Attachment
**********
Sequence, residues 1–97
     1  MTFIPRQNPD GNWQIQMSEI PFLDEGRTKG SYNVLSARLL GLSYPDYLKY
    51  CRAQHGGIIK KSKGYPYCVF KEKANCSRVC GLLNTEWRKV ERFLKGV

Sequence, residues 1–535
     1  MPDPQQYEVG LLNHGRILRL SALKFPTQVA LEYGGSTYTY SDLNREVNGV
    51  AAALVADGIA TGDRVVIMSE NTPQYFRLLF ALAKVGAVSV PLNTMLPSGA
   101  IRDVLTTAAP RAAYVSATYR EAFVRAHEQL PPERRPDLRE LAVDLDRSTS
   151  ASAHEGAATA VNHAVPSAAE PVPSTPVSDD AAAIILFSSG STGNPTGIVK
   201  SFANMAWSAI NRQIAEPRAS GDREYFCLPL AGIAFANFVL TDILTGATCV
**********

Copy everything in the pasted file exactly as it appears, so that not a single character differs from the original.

Sequence, residues 1–97
     1  MTFIPRQNPD GNWQIQMSEI PFLDEGRTKG SYNVLSARLL GLSYPDYLKY
    51  CRAQHGGIIK KSKGYPYCVF KEKANCSRVC GLLNTEWRKV ERFLKGV

Sequence, residues 1–535
     1  MPDPQQYEVG LLNHGRILRL SALKFPTQVA LEYGGSTYTY SDLNREVNGV
    51  AAALVADGIA TGDRVVIMSE NTPQYFRLLF ALAKVGAVSV PLNTMLPSGA
   101  IRDVLTTAAP RAAYVSATYR EAFVRAHEQL PPERRPDLRE LAVDLDRSTS
   151  ASAHEGAATA VNHAVPSAAE PVPSTPVSDD AAAIILFSSG STGNPTGIVK
   201  SFANMAWSAI NRQIAEPRAS GDREYFCLPL AGIAFANFVL TDILTGATCV